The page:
Hi dVerse Poets around the world! I’m Kim from Writing in North Norfolk and the bar is now open for the Quadrille, when we take any meaning of one word and transform it into 44 poetic words.
Today is Victoria Day in Canada; next Monday is a Bank Holiday in the UK and Memorial Day in the USA. I just hope that we’re not rained on! Which is why I would like you all to write poems of exactly 44 words (not counting your title), including the word rain.
The dictionary defines rain as the condensed moisture of the atmosphere falling visibly in separate drops. We can have rainfall, a rainstorm or a shower of rain, or even rainy seasons. Rain can also be a heavy and continuous descent or inflicting of anything, such as a rain of blows or a rain of vituperation.
Rain can be a verb, for example, ‘It rained all night long’; ‘Tears rained from her eyes’; ‘It’s raining cats and dogs’. It can mean to send down in great quantities, as small pieces or objects, for example to rain confetti on a parade, or to offer, bestow, or give in great quantity, as in to rain favours upon a person. You can also rain on someone’s parade.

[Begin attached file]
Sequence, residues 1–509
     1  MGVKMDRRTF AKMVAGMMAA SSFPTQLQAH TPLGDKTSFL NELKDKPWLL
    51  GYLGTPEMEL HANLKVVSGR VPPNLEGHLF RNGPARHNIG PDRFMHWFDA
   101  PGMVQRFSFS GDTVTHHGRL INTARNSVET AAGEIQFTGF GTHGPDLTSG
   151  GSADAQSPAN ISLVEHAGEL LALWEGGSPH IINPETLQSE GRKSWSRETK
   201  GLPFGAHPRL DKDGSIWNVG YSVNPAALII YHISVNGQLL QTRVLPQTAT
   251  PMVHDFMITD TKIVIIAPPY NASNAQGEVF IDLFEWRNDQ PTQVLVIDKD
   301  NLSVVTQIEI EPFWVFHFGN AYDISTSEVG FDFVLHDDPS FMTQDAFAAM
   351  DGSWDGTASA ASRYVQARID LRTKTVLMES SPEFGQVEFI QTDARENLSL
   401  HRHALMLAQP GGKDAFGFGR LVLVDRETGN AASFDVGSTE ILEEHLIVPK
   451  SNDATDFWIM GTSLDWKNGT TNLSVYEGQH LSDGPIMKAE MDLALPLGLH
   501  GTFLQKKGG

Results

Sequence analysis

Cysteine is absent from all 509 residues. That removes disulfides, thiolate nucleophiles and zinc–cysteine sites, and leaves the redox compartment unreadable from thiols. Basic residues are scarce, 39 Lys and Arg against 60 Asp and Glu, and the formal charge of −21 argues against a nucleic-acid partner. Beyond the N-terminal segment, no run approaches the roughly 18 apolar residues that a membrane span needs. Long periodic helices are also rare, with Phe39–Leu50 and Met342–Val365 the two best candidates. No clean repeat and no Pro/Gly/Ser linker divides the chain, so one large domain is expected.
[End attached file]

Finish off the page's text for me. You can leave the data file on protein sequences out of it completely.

Your rain may be purple (Prince) or hard (Dylan); it might be raining in your heart (Buddy Holly) or raindrops could be falling on your head (BJ Thomas). Maybe rainy days and Mondays get you down (the Carpenters) or you’re only happy when it rains (Garbage):
Join us in writing rain-drenched poems in the hope that together we can magic up a big enough umbrella to keep the rain at bay this Monday! Just be sure your 44-word poem contains some form of the word rain.
Here’s how to Quadrille:
– Write a poem of exactly 44 words, including the word rain.
– Put your poem on your blog and link back to this post.
– Link it up to our Mr. Linky.
– Visit other blogs. Enjoy some amazing poets. Comment. Come back later this week and write another one, and visit some more. Comment some more. Create as many poems as you please, including ones with all the words.